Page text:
For more than 30 years, Maggie Keane has sketched courtroom scenes from high-profile cases where cameras aren't allowed.
In the weeks ahead, Keane will be inside a U.S. District courtroom in Phoenix where she will sketch suspected Tucson shooter Jared Loughner in what she believes will be the most intense case she has witnessed since the trial involving the murder of Arizona Republic investigative reporter Don Bolles, who died after his car was blown up by a remote-controlled bomb detonated by John Harvey Adamson in June 1976.
Loughner is accused of attempting to assassinate U.S. Rep. Gabrielle Giffords, killing six people including a federal judge and a 9-year-old girl, and injuring 13 others during last Saturday's "Congress on the Corner" event at a Tucson grocery store.
Keane, a Phoenix-based artist, who likes to watch true crime television shows, has been rendering likenesses from high-profile courtroom scenes since KVOA-TV Channel 4 in Tucson, called her to sketch the Bolles court proceedings in 1977. She has sketched many of high-profile court proceedings since then: the trial of former Arizona governor Fife Symington on fraud charges involving abuse of his office and real estate loans, polygamist Warren Jeffs, and Debra Milke, who was sentenced to death in connection with the 1989 death of her 4-year-old son. Two of Milke's male friends took her son to the desert and shot him in the head. The boy thought he was going to see Santa Claus.
"It's a sad way to gain notoriety," Keane said of her job when called upon by news television networks and sometimes judges to sketch a proceeding. "It would almost be nice if services like this weren't needed, but I like doing it. I see it as providing a service."
Keane, a graduate from the University of Arizona with a bachelor's degree in fine art, has always enjoyed drawing. She sketched portraits of people and animals in the 1970s and later painted billboard art in Phoenix in the early 1980s. "When I was a teenager, I got a couple of gigs drawing portraits, one for the Six Flags Great Adventures Amusement Park in New Jersey when it opened and then on my own in Central Park. When I was in school, I used to sit and draw in class and got in trouble for it. I started drawing pictures of my friends and realized I had a knack for it."
Later on as a college student, when Keane said she started seeing courtroom sketches on the news, she thought, "I could do better than that." When she contacted the news stations, KVOA told her to go to a court hearing, do some sketches and bring them in. People on the news desk thought they "weren't bad," and told her they'd call her for the next big hearing, she said.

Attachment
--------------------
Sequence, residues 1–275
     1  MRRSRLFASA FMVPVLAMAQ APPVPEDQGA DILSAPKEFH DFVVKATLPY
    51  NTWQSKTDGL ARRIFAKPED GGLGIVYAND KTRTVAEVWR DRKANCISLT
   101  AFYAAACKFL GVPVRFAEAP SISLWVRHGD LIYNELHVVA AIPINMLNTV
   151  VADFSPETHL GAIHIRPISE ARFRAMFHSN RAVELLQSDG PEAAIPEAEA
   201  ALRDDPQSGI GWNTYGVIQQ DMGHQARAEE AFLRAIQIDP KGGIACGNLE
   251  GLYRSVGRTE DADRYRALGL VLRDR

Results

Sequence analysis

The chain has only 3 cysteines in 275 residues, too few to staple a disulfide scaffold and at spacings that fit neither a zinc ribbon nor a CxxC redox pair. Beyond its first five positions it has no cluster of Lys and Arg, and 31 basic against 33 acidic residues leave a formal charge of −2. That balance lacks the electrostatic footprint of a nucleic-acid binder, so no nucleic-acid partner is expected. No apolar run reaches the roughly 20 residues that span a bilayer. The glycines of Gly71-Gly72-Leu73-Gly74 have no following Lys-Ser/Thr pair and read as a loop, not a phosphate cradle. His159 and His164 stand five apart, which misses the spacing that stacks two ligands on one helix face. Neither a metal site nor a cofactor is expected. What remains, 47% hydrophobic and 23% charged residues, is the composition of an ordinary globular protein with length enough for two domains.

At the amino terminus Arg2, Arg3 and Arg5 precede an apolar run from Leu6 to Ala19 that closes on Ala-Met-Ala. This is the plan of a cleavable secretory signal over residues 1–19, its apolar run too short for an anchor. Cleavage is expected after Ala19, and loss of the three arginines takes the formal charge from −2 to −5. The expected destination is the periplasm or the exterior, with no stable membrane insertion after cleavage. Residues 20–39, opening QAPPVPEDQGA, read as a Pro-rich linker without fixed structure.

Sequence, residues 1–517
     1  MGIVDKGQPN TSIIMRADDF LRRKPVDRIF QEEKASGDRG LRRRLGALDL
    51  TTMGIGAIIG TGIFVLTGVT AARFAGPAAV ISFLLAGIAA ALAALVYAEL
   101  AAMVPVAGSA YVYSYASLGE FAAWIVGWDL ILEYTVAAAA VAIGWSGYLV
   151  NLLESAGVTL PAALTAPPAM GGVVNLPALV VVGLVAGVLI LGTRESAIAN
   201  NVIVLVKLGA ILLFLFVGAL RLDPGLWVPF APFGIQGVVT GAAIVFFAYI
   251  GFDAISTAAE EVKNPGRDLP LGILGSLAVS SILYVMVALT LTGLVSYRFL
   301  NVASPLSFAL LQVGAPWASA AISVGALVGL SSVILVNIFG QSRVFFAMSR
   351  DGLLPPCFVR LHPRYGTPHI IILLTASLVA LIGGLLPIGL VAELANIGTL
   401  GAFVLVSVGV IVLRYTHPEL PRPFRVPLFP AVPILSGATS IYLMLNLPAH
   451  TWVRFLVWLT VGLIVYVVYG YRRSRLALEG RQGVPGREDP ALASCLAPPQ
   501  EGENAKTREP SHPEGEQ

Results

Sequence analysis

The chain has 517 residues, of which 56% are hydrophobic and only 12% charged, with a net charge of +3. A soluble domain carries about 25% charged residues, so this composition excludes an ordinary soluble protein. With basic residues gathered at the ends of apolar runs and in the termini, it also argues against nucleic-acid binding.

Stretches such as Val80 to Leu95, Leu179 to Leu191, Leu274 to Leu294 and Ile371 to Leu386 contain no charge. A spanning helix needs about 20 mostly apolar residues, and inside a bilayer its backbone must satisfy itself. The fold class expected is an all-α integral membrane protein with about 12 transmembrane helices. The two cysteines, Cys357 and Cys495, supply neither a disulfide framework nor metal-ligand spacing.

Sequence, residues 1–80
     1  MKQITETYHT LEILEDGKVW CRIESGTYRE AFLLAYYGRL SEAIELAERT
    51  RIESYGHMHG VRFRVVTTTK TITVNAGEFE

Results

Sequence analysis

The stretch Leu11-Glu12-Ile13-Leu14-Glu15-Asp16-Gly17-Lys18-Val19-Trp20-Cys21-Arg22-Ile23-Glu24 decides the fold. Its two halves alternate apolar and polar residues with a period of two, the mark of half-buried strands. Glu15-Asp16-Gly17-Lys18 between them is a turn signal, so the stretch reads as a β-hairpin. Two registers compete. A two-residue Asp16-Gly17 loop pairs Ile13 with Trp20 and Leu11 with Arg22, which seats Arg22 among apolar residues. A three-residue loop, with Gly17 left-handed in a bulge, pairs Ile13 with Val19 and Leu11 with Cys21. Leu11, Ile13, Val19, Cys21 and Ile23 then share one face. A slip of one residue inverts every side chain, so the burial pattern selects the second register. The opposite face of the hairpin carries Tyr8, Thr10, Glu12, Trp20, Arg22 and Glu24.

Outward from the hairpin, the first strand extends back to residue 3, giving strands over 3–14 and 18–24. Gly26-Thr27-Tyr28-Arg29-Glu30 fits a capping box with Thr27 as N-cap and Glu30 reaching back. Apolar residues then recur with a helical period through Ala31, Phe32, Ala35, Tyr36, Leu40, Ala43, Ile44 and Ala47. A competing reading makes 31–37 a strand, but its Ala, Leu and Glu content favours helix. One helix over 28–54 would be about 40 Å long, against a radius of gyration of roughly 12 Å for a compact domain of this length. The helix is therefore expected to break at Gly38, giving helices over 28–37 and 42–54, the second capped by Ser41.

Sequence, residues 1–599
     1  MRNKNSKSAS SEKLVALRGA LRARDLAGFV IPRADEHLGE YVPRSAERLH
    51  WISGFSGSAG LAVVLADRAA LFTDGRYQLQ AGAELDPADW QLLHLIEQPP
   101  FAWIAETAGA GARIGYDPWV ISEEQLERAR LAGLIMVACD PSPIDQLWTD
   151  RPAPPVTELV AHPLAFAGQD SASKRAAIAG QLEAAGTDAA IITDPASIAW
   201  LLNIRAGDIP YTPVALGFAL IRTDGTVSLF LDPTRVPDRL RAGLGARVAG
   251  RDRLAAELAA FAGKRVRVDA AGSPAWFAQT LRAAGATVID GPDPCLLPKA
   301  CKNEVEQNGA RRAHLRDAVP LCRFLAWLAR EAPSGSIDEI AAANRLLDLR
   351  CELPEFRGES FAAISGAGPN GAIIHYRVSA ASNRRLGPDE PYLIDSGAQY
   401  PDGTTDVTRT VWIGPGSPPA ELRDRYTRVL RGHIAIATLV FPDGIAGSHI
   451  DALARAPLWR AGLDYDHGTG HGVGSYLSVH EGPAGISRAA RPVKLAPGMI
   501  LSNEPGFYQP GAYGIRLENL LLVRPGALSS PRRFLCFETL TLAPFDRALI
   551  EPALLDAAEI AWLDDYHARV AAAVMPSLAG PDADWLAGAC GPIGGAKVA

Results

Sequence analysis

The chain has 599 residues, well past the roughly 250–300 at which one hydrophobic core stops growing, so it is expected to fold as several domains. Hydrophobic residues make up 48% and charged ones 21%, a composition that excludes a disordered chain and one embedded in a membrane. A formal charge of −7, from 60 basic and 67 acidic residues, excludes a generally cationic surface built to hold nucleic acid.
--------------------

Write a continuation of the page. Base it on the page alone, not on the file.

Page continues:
Then, Don Bolles was killed, and the rest is history.
Usually sitting in the front row of the courtroom equipped with colored pencils and sheets of drawing paper roughly 16 inches by 20 inches, Keane said she first starts out by studying the person's face and demeanor. Keane often has to draw fast. She has produced television-ready art in five to 15 minutes that are viewed on television almost immediately after a proceeding concludes.
"All I want to do is get the face of the person in the news," Keane said. "If I can get a likeness, I'm happy ... If something else is going on in the courtroom, I try to get that, too. But the first thing I try to get is the eyes because that's where the most expression and likeness will be. The eyes say a lot."
Keane, who was born in Brooklyn and grew up in New Jersey, said she knows she is part of a dying breed. She usually sketches about two court proceedings a year, much less than she used to before cameras were permitted in courtrooms in the mid-1980s. Keane believes she now is one of about three courtroom sketch artists in Arizona.
She sketched Loughner, 22, for CNN News during his first court appearance last week, and described his demeanor as "very robotic and intense," and "nothing like anything she had ever seen."
"I didn't know what to expect," Keane said. "He was off in his own world, so it seemed. I got kind of a chill. He gave me the creeps. With him (Loughner), I couldn't find his eyes. One was hidden under a bruise and they'd get lost under his brow in an intense frown, and then, he'd smile off into space ... It looked like they captured an alien that crashed to earth in a spaceship and they brought him into the courtroom in handcuffs and shackles."
Keane said in the upcoming hearings involving Loughner, she'll try to capture his facial expressions to see if they'll portray any indication of what he's up against or if his face will portray his state of mind.
"It's a sad job, but I'm happy to do it," Keane said. "I know something bad has to happen for me to do my job. I hope it tells a story."